Cyber Defense

Navy and Army Cyber Mission Force teams are now operational

Army and Navy Cyber Mission Force teams are now operational and have achieved all manning, capability and training requirements according to U.S. Cyber Command, service announcements said.

For the Navy, the development represents the operational implementation of more than 18,000 course completions and 2,000 hours, however Navy officials caution that the development is only one step in a larger process to fortify its cyber workforce.

"The true challenge will be sustaining readiness and the prompt ability to 'answer all bells' when directed by U.S. Cyber Command," said Vice Adm. Mike Gilday, Commander, U.S. Fleet Cyber Command/U.S. Tenth Fleet. 

The Navy aligns with a broader DOD Cyber Strategy of securing data and supporting joint military commander objectives.

The Army’s 41 Cyber Mission Force teams were also validated as operational by U.S. Cyber Command, service statements said.

The first Army teams were identified as initially capable in 2014 and have been deployed globally by DOD to conduct offensive and defensive cyberwarfare missions.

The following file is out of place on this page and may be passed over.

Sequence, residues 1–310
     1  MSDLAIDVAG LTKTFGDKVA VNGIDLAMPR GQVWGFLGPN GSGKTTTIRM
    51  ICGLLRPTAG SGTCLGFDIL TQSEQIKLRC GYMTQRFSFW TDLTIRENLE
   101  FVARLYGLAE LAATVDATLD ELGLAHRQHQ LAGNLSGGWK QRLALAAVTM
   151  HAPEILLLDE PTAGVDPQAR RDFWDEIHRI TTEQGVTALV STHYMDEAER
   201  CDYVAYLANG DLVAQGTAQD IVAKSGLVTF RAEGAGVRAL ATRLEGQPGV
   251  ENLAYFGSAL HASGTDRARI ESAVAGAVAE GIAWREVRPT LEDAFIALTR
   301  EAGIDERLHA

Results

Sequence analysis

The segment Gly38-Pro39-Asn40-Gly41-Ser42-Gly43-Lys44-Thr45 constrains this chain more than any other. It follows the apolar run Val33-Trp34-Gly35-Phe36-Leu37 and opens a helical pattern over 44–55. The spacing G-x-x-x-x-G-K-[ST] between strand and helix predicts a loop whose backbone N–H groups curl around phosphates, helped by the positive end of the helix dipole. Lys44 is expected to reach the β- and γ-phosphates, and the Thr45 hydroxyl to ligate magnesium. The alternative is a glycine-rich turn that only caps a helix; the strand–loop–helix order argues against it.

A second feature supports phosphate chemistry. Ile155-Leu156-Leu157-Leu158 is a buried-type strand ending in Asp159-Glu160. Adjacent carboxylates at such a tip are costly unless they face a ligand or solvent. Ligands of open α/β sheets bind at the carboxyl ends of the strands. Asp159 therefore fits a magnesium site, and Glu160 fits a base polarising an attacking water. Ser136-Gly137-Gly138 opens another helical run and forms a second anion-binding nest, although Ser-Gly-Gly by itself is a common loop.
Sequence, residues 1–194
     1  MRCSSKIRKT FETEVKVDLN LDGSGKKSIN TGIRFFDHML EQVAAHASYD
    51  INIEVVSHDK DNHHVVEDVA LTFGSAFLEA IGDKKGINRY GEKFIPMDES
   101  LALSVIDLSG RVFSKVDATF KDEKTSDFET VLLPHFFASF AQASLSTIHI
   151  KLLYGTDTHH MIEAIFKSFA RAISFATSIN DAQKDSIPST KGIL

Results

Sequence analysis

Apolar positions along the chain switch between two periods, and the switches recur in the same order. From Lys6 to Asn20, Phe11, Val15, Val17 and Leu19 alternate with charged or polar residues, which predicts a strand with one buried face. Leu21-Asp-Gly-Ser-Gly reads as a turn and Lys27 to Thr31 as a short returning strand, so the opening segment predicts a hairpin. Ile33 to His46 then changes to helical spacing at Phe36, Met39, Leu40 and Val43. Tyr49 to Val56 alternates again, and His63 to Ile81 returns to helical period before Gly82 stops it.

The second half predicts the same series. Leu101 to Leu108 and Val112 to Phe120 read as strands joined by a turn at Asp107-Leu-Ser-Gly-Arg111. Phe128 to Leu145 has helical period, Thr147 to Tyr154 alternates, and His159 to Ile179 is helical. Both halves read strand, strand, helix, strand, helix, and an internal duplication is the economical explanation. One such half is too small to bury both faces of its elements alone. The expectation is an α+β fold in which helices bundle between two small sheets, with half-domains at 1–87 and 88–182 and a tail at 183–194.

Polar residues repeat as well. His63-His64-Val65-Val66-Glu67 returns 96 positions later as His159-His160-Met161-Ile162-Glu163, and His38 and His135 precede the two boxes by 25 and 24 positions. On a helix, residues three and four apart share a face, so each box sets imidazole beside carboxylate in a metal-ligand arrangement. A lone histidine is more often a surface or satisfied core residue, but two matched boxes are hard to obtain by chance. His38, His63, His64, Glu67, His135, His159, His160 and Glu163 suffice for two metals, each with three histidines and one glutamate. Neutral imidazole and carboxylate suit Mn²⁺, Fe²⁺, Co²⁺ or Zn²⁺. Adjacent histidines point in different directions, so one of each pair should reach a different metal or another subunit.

“The Army's cyber teams are built and fully operational, but our work is just beginning, as we ensure they stay trained and ready to step into the joint fight when needed," Lt. Gen. Paul Nakasone, ARCYBER commanding general, said in an Army statement.

Similar to the Navy approach, Army teams went through extensive training prior to being determined operational.

“Training included cyberspace operations planning, network operations and architecture,
technically-detailed software analysis and development skills, as well as foundational concepts of military teamwork,” an Army official said.

Increased training and preparation for Navy and Army cyber warriors aligns with several similar efforts underway with other services; the Marine Corps is now forward deploying new teams of cyber experts, the Army has stood up a new cyber-specific laboratory aimed at connecting IT developments with ongoing combat operations and the Air Force has been training new cyber squadrons intended to help airmen increase cybersecurity practices.


About the Author

Kris Osborn is a former editor of Defense Systems.

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